• [PDF] E. Meij, W. Weerkamp, and M. de Rijke, “A query model based on normalized log-likelihood,” in Proceedings of the 18th acm conference on information and knowledge management, 2009.
    [Bibtex]
    @inproceedings{CIKM:2009:Meij,
    Author = {Meij, Edgar and Weerkamp, Wouter and de Rijke, Maarten},
    Booktitle = {Proceedings of the 18th ACM conference on Information and knowledge management},
    Date-Added = {2011-10-12 18:31:55 +0200},
    Date-Modified = {2012-10-30 08:42:51 +0000},
    Series = {CIKM 2009},
    Title = {A query model based on normalized log-likelihood},
    Year = {2009},
    Bdsk-Url-1 = {http://doi.acm.org/10.1145/1645953.1646261}}
Histogram indicating the number of documents vs the number of keyphrases

A Comparative Study of Features for Keyphrase Extraction

Keyphrases are short phrases that reflect the main topic of a document. Because manually annotating documents with keyphrases is a time-consuming process, several automatic approaches have been developed. Typically, candidate phrases are extracted using features such as position or frequency in the document text. Many different features have been suggested, and have been used individually or in combination. However, it is not clear which of these features are most informative for this task.

We address this issue in the context of keyphrase extraction from scientific literature. We introduce a new corpus that consists of fulltext journal articles and is substantially larger than data sets used in previous work. In addition, the rich collection and document structure available at the publishing stage is explicitly annotated. We suggest new features based on this structure and compare them to existing features, analyzing how the different features capture different aspects the keyphrase extraction task.

  • [PDF] K. Hofmann, M. Tsagkias, E. Meij, and M. de Rijke, “The impact of document structure on keyphrase extraction,” in Proceedings of the 18th acm conference on information and knowledge management, 2009.
    [Bibtex]
    @inproceedings{CIKM:2009:hofmann,
    Author = {Hofmann, Katja and Tsagkias, Manos and Meij, Edgar and de Rijke, Maarten},
    Booktitle = {Proceedings of the 18th ACM conference on Information and knowledge management},
    Date-Added = {2011-10-12 18:31:55 +0200},
    Date-Modified = {2012-10-30 08:42:45 +0000},
    Series = {CIKM 2009},
    Title = {The impact of document structure on keyphrase extraction},
    Year = {2009},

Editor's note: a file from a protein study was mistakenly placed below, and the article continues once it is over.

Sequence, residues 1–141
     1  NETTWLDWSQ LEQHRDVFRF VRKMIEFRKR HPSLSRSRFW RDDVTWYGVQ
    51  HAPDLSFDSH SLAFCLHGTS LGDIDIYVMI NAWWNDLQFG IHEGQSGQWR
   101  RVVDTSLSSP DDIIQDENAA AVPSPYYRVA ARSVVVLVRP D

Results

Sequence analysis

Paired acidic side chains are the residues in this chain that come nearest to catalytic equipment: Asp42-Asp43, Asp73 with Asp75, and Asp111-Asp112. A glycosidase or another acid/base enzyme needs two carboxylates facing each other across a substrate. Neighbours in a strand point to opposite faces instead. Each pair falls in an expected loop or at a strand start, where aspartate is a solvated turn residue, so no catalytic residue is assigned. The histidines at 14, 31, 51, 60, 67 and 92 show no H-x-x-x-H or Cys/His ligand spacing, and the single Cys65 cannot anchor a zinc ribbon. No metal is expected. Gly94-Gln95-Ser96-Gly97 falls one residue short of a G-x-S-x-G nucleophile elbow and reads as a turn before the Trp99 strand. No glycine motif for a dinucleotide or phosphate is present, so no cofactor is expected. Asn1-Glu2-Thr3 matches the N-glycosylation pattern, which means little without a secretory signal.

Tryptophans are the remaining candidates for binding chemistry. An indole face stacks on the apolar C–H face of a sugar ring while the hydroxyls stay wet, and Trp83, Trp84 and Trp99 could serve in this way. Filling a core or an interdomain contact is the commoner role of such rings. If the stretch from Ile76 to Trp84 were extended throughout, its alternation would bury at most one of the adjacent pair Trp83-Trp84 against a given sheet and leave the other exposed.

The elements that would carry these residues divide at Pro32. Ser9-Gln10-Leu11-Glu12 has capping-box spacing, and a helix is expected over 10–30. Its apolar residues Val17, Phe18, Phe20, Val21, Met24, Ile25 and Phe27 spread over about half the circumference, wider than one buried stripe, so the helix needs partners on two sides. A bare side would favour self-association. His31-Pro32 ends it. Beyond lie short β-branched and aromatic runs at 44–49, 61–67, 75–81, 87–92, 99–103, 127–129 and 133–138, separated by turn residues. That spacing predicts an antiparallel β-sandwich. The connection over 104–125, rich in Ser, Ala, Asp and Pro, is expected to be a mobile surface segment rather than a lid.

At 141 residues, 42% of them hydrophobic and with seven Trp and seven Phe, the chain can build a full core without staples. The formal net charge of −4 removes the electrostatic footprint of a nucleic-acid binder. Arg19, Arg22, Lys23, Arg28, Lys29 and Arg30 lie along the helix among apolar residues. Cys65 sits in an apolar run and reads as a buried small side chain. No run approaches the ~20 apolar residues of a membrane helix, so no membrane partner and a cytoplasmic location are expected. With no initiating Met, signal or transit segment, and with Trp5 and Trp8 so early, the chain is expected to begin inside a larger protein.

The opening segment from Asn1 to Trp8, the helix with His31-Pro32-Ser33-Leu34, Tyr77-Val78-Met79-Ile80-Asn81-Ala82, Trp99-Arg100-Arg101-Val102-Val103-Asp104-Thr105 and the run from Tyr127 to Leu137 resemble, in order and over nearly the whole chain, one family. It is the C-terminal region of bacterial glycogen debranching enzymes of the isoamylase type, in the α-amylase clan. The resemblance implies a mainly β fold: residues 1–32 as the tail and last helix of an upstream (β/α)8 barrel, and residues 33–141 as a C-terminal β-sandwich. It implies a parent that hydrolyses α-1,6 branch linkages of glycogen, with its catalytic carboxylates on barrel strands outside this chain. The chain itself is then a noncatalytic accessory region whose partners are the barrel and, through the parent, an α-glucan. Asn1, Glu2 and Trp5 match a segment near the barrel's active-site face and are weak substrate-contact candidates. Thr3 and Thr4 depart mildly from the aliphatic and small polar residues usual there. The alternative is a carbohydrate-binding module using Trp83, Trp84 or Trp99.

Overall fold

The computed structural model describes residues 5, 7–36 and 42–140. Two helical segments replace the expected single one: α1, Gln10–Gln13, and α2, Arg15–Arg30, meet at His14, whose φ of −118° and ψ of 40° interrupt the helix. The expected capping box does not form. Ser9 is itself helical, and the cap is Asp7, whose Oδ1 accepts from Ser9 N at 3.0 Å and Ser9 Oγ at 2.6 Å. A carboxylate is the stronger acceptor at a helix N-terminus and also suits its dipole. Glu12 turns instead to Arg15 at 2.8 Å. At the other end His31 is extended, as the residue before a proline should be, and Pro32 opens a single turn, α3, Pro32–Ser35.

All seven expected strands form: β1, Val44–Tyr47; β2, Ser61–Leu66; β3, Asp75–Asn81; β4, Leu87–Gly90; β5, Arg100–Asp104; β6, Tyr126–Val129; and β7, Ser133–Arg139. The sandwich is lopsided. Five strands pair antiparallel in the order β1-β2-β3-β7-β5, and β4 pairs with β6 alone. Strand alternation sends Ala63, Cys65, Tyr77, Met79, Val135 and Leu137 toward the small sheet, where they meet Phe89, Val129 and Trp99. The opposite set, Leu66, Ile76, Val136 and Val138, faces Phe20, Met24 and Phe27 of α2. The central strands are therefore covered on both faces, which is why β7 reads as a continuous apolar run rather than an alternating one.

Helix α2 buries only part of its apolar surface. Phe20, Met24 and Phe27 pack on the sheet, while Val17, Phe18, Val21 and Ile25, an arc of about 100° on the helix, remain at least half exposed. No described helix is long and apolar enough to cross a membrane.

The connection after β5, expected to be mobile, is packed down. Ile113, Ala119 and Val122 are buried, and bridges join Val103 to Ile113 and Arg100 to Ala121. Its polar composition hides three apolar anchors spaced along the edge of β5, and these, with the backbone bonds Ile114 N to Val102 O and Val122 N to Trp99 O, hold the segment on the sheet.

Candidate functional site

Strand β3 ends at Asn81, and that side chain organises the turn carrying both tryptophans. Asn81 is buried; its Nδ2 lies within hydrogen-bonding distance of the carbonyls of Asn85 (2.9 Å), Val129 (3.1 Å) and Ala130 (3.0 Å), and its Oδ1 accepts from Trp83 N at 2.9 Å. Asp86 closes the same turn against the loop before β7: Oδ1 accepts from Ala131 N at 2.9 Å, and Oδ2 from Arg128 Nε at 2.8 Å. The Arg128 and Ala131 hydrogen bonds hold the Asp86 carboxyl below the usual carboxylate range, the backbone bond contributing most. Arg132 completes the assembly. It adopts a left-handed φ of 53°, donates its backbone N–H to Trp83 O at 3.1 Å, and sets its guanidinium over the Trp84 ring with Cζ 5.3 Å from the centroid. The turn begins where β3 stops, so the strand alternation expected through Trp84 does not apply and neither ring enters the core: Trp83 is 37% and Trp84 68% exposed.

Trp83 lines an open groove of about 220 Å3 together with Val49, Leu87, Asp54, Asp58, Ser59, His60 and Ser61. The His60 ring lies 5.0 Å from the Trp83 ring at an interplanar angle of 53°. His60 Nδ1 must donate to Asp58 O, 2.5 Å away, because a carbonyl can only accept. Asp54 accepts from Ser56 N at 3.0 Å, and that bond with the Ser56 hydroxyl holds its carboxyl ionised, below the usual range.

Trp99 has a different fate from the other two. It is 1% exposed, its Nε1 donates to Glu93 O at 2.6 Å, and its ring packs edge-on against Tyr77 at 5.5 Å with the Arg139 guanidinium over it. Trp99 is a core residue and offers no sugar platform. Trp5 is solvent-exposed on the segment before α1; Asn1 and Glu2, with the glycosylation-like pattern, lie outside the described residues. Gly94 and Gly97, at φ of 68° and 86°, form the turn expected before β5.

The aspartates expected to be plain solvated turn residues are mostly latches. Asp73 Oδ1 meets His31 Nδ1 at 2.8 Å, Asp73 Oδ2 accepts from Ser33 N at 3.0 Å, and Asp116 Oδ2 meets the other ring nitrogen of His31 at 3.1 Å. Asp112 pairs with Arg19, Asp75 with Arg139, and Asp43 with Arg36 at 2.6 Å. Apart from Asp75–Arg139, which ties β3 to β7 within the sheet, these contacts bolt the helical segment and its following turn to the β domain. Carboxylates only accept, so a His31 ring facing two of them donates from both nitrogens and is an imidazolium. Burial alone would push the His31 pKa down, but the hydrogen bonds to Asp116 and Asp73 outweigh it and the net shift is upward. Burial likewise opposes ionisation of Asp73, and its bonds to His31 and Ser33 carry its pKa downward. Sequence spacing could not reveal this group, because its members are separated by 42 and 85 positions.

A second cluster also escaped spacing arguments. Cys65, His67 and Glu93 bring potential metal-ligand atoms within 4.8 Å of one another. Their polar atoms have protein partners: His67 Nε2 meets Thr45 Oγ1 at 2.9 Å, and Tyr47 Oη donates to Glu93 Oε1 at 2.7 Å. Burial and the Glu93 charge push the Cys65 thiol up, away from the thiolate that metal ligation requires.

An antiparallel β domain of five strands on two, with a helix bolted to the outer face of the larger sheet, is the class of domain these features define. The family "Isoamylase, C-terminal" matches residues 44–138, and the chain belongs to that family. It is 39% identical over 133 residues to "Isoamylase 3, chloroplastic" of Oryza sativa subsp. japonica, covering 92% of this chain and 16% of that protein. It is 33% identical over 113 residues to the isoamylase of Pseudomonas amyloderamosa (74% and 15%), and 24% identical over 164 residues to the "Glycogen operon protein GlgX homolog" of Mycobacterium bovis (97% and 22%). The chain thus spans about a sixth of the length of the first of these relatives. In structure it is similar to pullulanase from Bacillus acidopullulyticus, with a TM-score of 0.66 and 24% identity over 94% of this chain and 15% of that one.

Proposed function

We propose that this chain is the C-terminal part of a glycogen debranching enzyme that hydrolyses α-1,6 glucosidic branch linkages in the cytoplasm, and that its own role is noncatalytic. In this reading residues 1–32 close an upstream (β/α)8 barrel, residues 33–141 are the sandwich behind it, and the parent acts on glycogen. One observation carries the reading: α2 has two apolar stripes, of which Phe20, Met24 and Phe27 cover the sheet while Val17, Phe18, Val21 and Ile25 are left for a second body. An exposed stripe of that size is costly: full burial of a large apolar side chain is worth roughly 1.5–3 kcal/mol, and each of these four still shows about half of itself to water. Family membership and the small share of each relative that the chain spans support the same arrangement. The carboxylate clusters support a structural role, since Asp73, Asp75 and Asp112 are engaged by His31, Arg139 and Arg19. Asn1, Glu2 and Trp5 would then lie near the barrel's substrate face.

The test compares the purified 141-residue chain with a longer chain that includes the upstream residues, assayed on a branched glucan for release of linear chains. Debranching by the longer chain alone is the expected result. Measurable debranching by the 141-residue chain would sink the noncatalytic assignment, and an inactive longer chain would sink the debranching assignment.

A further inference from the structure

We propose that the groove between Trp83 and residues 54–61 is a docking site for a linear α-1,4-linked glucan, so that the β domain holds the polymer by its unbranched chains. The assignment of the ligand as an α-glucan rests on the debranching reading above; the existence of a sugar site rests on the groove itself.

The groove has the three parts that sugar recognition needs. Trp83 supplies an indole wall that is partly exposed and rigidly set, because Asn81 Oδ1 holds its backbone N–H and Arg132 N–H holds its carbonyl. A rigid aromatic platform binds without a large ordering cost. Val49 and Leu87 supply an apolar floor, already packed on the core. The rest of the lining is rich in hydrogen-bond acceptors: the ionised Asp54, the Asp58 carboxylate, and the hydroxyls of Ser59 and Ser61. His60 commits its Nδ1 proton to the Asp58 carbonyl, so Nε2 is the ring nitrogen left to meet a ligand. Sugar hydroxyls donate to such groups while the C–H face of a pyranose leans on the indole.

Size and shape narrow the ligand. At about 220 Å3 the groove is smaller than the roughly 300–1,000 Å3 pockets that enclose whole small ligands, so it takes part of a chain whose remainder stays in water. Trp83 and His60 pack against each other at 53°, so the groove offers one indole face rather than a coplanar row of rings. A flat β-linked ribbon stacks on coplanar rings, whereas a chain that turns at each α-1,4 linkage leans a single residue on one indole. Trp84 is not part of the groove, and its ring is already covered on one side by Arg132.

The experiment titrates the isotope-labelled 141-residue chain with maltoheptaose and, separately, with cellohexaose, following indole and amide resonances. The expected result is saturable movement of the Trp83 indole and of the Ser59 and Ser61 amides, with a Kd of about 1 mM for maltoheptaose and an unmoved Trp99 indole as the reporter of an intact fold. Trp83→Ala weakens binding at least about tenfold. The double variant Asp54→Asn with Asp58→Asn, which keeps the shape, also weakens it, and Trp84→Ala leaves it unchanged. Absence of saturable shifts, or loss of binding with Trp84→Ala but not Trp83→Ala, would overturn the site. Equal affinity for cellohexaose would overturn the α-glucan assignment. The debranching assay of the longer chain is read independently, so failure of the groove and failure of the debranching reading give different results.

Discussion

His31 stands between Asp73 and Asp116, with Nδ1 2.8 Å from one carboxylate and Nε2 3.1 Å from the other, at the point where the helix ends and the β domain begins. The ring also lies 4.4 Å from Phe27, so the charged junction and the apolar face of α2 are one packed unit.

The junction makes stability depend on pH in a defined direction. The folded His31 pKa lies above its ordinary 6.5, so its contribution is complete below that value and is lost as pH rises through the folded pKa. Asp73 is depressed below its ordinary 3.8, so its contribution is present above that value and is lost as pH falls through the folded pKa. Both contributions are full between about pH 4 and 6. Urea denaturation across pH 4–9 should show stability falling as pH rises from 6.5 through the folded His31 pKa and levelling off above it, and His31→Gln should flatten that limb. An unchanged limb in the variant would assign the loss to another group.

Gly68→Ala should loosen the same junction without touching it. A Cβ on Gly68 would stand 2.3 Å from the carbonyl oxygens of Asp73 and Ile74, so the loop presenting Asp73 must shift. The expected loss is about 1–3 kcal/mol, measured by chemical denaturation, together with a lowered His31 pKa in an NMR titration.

Bdsk-Url-1 = {http://doi.acm.org/10.1145/1645953.1646215}}

 

Questions and Answers signpost

Learning Semantic Query Suggestions

An important application of semantic web technology is recognizing human-defined concepts in text. Query transformation is a strategy often used in search engines to derive queries that are able to return more useful search results than the original query and most popular search engines provide facilities that let users complete, specify, or reformulate their queries. We study the problem of semantic query suggestion, a special type of query transformation based on identifying semantic concepts contained in user queries. We use a feature-based approach in conjunction with supervised machine learning, augmenting term-based features with search history-based and concept-specific features. We apply our method to the task of linking queries from real-world query logs (the transaction logs of the Netherlands Institute for Sound and Vision) to the DBpedia knowledge base. We evaluate the utility of different machine learning algorithms, features, and feature types in identifying semantic concepts using a manually developed test bed and show significant improvements over an already high baseline. The resources developed for this paper, i.e., queries, human assessments, and extracted features, are available for download.

  • [PDF] E. Meij, M. Bron, B. Huurnink, L. Hollink, and M. de Rijke, “Learning semantic query suggestions,” in Proceedings of the 8th international conference on the semantic web, 2009.
    [Bibtex]
    @inproceedings{ISWC:2009:Meij,
    Abstract = {Learning Semantic Query Suggestions by Edgar Meij, Marc Bron, Laura Hollink, Bouke Huurnink and Maarten de Rijke is available online now. An important application of semantic web technology is recognizing human-defined concepts in text. Query transformation is a strategy often used in search engines to derive queries that are able to return more useful search results than the original query and most popular search engines provide facilities that let users complete, specify, or reformulate their queries. We study the problem of semantic query suggestion, a special type of query transformation based on identifying semantic concepts contained in user queries. We use a feature-based approach in conjunction with supervised machine learning, augmenting term-based features with search history-based and concept-specific features. We apply our method to the task of linking queries from real-world query logs (the transaction logs of the Netherlands Institute for Sound and Vision) to the DBpedia knowledge base. We evaluate the utility of different machine learning algorithms, features, and feature types in identifying semantic concepts using a manually developed test bed and show significant improvements over an already high baseline. The resources developed for this paper, i.e., queries, human assessments, and extracted features, are available for download. },
    Author = {E. Meij and M. Bron and B. Huurnink and Hollink, L. and de Rijke, M.},
    Booktitle = {Proceedings of the 8th International Conference on The Semantic Web},
    Date-Added = {2011-10-12 18:31:55 +0200},
    Date-Modified = {2012-10-30 08:45:04 +0000},
    Series = {ISWC 2009},
    Title = {Learning Semantic Query Suggestions},
    Year = {2009}}
Distribution of structured data embedded in XHTML

Investigating the Semantic Gap through Query Log Analysis